The next twenty years will see America's 65+ year old population surge from 48 million to 79 million, raising big questions about our country's ability to house everyone. Worryingly, the availability and affordability of housing to meet this blooming population is inadequate, according to a recent Harvard Joint Center for Housing Studies report.
The Harvard report found that just 3.5 percent of existing homes today follow the three key elements of "universal design", which includes zero-step entrances, single-floor living, and wide halls and doorways. Moreover, some 6.4 million low-income renters will need to spend more than 30 percent of their income on housing by 2035.
The problem is exacerbated by the fact that home builders are not doing enough to meet the future needs of senior citizens, instead remaining focused on higher-end homes.
“The Harvard study was a scary forecast,” said Lukas Krause, CEO of Real Property Management, the largest property management franchise in the nation. “The senior sector will be one of the hardest hit for affordability. The most important thing we can do is find affordable housing for older Americans and contemplate layout and design to accommodate the older population.”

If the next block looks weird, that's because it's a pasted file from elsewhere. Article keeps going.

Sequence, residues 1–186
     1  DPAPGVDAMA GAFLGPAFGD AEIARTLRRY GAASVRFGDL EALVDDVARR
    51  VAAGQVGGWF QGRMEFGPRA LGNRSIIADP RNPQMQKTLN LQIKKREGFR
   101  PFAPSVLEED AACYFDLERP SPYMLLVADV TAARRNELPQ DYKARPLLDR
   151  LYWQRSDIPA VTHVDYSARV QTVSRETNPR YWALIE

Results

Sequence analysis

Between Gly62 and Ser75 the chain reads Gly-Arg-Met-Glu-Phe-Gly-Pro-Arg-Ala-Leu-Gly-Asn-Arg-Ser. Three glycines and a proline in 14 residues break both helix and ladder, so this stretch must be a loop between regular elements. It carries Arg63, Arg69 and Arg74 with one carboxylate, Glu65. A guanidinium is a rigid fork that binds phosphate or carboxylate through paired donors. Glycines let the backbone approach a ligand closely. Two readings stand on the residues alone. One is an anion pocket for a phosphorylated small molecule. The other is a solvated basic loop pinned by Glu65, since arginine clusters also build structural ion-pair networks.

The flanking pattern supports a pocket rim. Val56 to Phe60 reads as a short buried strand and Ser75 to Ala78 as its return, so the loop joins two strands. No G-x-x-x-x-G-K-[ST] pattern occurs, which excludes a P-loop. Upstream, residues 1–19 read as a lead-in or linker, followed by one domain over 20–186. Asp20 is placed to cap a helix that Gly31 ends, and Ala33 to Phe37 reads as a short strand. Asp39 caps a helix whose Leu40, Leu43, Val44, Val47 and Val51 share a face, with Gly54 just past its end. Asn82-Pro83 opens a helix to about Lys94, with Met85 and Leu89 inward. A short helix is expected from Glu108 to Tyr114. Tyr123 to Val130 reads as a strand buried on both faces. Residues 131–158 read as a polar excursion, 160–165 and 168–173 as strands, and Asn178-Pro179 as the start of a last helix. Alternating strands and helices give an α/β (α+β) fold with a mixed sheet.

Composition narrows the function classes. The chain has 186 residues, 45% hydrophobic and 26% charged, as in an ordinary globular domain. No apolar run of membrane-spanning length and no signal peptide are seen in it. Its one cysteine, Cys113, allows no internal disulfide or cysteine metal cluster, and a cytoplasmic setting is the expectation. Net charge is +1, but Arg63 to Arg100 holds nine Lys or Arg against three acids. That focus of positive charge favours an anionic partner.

In future, more homes will need to be tailored to older adults. For example, homes likely will need to be retrofitted as single-floor living with a master suite, wider doorways to accommodate wheelchairs, and walk-in showers with grab bars.
Retrofitting needs to extend to the multifamily sector too. Landlord and property owners have not yet largely embraced retrofitting apartments to accommodate older Americans, Krause says.
“As the older population grows, economic factors will change and it will be more attractive to build more versatile homes,” he said.
Also, expect some changes in the way people live as the older population grows. For example, cohabitation and shared housing may grow in popularity as affordability concerns brew. And, we can also expect to see growth in mother-in-law suites in single-family residences, as well as grandparents living with their families like previous generations once did, Krause said.